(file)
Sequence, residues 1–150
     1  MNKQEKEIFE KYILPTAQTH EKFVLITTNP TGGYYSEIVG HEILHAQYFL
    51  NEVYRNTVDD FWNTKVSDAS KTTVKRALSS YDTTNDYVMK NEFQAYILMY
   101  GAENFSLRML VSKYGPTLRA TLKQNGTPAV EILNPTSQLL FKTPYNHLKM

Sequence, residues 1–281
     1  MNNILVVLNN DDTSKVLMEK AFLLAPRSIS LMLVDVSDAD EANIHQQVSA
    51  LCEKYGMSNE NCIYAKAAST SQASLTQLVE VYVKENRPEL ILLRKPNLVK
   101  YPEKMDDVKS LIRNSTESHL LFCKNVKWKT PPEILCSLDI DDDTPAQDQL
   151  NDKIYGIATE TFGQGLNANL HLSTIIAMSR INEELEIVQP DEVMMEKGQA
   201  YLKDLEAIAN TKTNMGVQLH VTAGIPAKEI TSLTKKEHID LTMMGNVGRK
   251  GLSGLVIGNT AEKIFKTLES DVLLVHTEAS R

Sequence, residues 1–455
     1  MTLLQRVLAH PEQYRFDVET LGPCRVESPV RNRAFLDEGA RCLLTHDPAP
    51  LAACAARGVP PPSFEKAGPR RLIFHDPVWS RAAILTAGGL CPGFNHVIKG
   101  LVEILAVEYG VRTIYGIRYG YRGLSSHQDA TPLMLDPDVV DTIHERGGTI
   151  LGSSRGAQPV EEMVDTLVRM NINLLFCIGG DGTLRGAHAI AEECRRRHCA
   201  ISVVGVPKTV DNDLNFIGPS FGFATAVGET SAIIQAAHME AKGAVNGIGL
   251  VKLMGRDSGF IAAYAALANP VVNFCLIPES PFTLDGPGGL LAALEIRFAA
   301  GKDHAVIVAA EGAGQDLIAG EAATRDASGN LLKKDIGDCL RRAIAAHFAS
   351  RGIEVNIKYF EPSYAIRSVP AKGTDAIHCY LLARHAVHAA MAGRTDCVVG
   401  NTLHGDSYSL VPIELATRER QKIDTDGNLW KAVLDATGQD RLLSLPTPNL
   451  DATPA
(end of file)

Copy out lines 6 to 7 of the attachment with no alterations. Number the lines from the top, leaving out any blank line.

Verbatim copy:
     1  MNNILVVLNN DDTSKVLMEK AFLLAPRSIS LMLVDVSDAD EANIHQQVSA
    51  LCEKYGMSNE NCIYAKAAST SQASLTQLVE VYVKENRPEL ILLRKPNLVK